Residential Reinvention: Frame Home

©Marketer, The Journal of the Society for Marketing Professional Services, December 2020,

I did a fireside chat with Rita McGrath this past year. She is amazing and our conversation was thought provoking. Truly enjoyed chatting with her. There were many on Zoom watching our chat and asking questions.

One of the many wonderful things about those conversations, I have met the most amazing people. Marjanne Pearson emailed me afterward to discuss real estate, construction, architecture, and everything else in that bucket.

She introduced me to her colleague, Brien McDaniel, who works with her and writes articles about the industry.

Here is the article below.

283 Frame Home

Recognizing the next trend, innovation, or client need in order to stay ahead of the curve (or your competition) is a constant in the A/E/C industries. As a marketer, you’re tasked with looking ahead and projecting the future of various markets and directions of your firm. But how can you move your marketing and business plan from the printed page into action and innovation? “It’s easy to do easy. It’s not easy to do hard,” says Joanne Wilson, entrepreneur, angel investor, and co-founder of Frame Home. And that’s exactly what she has done—pushed herself and global companies to keep changing and evolving. Whether a flourishing economy or a recession, it’s this attitude and forward-thinking (and doing), that’s fueled her many careers.

Sustainability Is Key

In 2007, Wilson left the corporate world and reinvented herself as an angel investor. Since then, she started Frame Home, a real estate development firm, with her husband. Frame Home was created from the ground up to be nimble and meet the needs of the time, now and later. This meant developing projects that invested in New York City, particularly Brooklyn, that were more creative and lower risk, with long-term positive impacts on the city and the environment. By using sustainable materials and processes, and state-of-the-art, eco-friendly technologies, Frame Home embraces integrated health and wellness, and a carbon-neutral way of living that empowers the most efficient lifestyles.

Frame 283, their flagship rental apartment building in Clinton Hill, Brooklyn, comes to market at the end of this year, and it’s unlike any other project in the city due to its unprecedented features. These technologies include:  Passive house design to create energy efficiencies  Highly efficient electric cooling and heating  Triple-pane windows and doors  Insulated concrete (exterior)  Cross Laminated Timber  Solar arrays  Connection to New York City’s energy grid for resiliency  Private keyed elevators that open directly into each unit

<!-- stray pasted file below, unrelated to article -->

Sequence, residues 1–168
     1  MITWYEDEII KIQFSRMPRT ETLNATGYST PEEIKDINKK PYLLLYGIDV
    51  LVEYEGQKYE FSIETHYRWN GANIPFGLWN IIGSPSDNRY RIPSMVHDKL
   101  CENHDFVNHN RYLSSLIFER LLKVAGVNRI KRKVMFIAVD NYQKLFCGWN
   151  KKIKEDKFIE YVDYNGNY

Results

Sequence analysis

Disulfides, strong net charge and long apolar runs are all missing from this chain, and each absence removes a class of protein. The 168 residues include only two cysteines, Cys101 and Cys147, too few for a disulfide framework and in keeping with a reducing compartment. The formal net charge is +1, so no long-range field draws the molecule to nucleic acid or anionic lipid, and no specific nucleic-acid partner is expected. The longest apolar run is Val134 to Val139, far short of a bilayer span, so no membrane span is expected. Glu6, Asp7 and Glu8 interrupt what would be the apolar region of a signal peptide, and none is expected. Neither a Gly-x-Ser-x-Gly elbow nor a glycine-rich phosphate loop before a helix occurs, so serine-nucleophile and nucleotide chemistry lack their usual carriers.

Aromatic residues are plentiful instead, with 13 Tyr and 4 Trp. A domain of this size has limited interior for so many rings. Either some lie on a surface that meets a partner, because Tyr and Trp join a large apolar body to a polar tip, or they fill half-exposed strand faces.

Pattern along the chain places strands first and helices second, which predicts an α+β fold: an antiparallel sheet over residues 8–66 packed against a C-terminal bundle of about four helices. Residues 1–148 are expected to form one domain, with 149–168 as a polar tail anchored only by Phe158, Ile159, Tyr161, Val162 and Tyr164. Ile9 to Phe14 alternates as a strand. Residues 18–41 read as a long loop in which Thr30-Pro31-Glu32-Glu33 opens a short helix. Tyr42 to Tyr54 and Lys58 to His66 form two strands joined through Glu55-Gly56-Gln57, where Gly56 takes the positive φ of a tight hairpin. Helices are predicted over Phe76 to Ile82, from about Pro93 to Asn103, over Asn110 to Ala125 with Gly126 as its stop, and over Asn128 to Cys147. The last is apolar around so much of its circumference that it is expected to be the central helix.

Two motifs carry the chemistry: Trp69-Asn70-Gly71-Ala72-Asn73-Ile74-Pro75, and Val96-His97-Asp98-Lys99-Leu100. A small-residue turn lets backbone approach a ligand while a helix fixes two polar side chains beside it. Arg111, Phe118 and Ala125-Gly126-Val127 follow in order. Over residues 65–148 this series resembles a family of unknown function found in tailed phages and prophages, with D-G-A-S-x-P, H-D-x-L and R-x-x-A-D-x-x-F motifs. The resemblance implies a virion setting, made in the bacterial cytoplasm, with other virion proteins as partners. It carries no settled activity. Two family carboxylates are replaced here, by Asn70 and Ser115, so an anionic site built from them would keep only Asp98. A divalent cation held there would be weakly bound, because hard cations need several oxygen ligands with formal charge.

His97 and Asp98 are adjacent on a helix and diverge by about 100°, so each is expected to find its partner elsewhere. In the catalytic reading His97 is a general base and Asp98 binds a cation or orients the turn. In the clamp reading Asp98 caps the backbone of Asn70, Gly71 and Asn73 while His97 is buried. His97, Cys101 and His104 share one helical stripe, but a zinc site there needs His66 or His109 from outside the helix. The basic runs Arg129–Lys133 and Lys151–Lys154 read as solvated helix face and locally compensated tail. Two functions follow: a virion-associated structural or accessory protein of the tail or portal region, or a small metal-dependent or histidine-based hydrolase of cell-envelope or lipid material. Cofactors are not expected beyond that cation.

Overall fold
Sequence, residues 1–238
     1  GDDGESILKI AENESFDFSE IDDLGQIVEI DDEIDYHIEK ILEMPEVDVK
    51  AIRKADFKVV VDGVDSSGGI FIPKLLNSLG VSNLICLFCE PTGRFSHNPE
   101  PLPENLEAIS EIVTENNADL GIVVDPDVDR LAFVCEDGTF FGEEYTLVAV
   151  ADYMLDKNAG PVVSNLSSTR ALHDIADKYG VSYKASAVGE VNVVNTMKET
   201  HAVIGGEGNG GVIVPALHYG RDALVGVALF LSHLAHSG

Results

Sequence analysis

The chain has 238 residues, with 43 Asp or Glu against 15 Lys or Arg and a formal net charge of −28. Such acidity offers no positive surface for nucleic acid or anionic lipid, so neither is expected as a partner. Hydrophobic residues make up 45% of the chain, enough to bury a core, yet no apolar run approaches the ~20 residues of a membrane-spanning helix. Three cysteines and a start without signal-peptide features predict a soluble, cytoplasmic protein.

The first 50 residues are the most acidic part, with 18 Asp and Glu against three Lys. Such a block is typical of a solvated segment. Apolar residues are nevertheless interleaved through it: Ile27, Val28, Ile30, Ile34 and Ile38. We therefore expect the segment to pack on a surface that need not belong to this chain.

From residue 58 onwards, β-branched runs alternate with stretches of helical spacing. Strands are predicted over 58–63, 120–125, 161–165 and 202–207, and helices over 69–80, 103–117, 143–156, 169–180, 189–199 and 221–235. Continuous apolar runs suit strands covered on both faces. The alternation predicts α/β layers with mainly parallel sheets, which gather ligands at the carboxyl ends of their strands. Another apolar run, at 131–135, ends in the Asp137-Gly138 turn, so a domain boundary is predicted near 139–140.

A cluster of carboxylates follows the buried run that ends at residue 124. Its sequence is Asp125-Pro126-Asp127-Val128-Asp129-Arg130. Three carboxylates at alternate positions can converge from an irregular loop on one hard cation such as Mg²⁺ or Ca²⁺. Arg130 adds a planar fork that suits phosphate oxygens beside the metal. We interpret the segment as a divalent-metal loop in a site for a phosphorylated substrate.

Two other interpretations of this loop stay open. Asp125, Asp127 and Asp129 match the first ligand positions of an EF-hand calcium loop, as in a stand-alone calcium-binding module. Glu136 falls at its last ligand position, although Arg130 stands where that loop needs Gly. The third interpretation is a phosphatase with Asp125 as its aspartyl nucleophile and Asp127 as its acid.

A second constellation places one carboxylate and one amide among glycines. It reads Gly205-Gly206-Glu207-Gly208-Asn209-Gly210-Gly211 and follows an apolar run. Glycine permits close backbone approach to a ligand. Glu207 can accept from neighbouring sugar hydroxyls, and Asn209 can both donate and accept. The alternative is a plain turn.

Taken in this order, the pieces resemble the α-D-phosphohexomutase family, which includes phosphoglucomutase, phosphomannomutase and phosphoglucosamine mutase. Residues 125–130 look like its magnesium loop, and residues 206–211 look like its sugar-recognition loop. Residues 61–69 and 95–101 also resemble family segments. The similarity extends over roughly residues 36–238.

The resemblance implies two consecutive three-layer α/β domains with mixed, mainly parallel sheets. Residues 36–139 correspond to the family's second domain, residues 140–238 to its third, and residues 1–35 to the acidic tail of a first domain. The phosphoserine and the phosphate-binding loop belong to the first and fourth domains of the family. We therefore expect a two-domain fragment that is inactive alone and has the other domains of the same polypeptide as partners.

Flipping the Script

The building has two commercial spaces in its base. Instead of finding tenants for these spaces, Frame Home decided to turn them into 26 workspaces—8’ x 8’ pods (each equipped with bipolar ionization in the ducts) that can be rented month to month. Frame 283 sets a precedent for sustainable building practices to move expediently through the city’s regulatory bodies, enabling more sustainable building of this kind.

The building has a move-in date of January 2021 and the next Frame Home is planned for 118 Waverly Place, also in Brooklyn. Wilson says, “So much has changed since COVID-19. What it really did was accelerate the direction Frame Home is heading. We’ve realized that backend technology in every single vertical project is essential, now more than ever. We can’t run smart businesses without it.”

She acknowledges the pandemic has opened her eyes wider when it comes to the climate and has helped with the price of real estate in New York City. She notes, “We need housing desperately, particularly in cities, so there is more equality in creating better and smarter communities.” Wilson believes she has a pulse on the future, and so can you. She acknowledges we’re never returning to the way things were, and while many of us will continue to work at home, others will still need a main office or headquarters. She says, “We need to be thinking differently now more than ever.” She gives this final advice to marketers, “The best way to be ahead of the curve is to invest in and/or direct where you believe things are going. Think forward. Do forward … If you have a great idea, go do it. If not now, then when?”